In the final analysis, people are people and actually differ very little. Skin colour is but one difference.

    Greed, the need to hang onto power et al are common to all.

    And I suspect that it is this ‘white framework’ that creates the real anger from some black posters on CAF that we have all witnessed, exacerbated by what they see with Brown and Co.

    You see, it may be that even you are arguing for change from a white person’s point of view – even though you might not recognise it.

    That’s not a criticism – it’s just the way it is. The ‘general order’ of life (at least within a westernised society) is within a white framework as distinct from a black framework.

    I can’t argue with you that what we have is an autocratic approach – we have, and sadly, Bermudians (at least appear) to be happy with that, at least in their 5 seconds of democracy. In their homes, they might be seething with anger at the way they are treated…at the way, for example, the Govt said it would empower black people, and it hasn’t except for a chossen few.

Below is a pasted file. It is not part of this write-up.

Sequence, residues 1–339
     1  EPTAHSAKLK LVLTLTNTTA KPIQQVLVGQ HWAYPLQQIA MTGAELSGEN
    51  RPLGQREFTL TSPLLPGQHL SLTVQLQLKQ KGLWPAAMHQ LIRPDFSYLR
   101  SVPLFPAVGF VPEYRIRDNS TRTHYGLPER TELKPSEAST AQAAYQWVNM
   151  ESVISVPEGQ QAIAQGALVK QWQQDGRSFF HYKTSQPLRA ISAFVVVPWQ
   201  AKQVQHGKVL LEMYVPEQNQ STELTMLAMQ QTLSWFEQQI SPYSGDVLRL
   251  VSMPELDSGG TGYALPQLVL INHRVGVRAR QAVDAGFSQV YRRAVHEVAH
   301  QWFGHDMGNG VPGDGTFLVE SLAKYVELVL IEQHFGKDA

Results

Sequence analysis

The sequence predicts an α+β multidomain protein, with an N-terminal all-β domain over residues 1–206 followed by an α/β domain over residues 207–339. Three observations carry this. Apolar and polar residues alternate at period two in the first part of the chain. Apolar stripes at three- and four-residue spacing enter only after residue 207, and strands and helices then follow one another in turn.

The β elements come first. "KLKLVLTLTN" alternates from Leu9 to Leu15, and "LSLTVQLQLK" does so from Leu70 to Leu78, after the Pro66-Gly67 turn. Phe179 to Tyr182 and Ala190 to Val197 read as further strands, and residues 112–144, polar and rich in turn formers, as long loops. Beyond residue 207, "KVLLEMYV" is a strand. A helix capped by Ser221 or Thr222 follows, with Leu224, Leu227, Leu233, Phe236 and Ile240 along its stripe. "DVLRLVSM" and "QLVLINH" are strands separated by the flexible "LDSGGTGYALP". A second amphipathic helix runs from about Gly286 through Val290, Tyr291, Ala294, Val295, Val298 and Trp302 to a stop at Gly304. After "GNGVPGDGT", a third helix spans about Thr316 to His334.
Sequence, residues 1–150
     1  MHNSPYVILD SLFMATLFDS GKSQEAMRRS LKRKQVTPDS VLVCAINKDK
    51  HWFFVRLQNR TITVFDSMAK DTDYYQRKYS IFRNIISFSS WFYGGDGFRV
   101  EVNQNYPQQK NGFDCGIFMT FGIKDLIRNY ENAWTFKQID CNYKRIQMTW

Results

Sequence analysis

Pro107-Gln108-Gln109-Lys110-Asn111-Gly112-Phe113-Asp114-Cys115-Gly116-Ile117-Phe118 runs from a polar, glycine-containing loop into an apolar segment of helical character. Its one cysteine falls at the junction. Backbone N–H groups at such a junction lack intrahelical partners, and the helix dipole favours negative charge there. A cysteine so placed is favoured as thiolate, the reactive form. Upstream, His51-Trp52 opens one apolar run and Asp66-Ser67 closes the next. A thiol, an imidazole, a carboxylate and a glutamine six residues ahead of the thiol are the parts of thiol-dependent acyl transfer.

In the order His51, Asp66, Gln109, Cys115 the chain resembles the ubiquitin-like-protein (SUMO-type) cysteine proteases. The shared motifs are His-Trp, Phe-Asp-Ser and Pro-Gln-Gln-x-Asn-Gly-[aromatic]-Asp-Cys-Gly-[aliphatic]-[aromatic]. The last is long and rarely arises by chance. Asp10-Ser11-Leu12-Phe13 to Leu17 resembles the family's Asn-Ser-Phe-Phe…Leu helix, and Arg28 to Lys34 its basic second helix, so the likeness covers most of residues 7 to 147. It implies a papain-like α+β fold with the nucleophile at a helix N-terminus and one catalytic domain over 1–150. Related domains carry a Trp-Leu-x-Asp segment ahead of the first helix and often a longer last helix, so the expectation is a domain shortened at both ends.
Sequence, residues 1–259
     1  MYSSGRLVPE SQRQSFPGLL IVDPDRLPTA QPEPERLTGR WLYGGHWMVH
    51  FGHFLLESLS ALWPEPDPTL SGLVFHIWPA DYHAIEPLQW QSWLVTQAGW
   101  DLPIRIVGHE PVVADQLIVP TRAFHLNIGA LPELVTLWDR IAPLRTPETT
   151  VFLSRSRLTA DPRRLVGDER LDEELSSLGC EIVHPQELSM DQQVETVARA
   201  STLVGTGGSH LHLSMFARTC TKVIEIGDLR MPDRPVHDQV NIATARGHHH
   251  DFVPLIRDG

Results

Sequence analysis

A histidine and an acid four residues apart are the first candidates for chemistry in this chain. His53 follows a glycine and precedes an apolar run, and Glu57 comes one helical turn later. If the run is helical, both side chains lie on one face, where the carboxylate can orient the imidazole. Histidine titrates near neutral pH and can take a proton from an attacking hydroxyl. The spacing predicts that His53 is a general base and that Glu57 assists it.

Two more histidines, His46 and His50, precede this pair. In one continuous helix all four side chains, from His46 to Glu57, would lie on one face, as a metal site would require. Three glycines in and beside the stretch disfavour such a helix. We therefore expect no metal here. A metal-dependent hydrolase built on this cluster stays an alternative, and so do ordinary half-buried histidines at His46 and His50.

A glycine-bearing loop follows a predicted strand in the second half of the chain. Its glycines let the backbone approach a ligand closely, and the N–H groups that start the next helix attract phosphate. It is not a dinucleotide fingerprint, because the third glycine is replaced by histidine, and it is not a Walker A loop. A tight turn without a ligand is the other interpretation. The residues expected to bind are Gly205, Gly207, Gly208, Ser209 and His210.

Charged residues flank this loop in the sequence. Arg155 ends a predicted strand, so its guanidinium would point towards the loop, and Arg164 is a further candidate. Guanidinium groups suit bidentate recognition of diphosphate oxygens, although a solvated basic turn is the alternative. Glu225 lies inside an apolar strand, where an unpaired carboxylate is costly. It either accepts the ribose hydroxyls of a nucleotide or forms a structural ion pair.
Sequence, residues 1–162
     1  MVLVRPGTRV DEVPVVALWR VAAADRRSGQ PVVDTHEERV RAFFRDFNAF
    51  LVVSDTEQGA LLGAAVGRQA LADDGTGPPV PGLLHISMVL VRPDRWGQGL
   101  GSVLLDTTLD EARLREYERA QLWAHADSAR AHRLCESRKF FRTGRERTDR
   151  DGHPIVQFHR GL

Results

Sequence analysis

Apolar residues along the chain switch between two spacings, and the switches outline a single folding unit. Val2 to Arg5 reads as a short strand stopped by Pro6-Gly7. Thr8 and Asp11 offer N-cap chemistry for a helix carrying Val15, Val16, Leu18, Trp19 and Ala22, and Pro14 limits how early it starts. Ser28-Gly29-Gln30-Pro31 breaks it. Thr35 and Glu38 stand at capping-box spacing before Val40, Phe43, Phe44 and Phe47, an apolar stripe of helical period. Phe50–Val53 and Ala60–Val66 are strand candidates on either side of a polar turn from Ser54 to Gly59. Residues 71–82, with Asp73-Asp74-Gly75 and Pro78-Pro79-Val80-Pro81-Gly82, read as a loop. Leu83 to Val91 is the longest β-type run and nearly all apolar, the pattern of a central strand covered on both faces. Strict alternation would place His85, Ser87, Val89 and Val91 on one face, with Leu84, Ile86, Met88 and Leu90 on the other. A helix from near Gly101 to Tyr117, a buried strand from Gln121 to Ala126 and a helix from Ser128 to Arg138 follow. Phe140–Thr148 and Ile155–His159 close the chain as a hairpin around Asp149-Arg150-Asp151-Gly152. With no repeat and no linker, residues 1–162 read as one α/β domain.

The alternative – voting UBP or otherwise – is too large a price to pay for many, so people will put up with it.

    It maybe that the formation of a new party at the same time as the disbandenment of the UBP could draw a line in the sand, and at least not be accused of historical wrong doing thereby removing that crutch that many rely upon in argument.

    I sense that everything that could be done, would be done, to ensure it did not succeed. Too much is at stake for those who currently benefit, to allow it to survive.

    And, like it or not, Brown knows that his model has not really worked for the overall good of Bermuda and specifically not for Black Bermuda, so why give a different model the chance to do so?

  3. I forgot to add…

    The real irony is that Black people thought that in winning the 98 election, they (Black people) would have the power. They are, afterall, in the majority.

    Have they got the power? Or, is just in the hands of a few?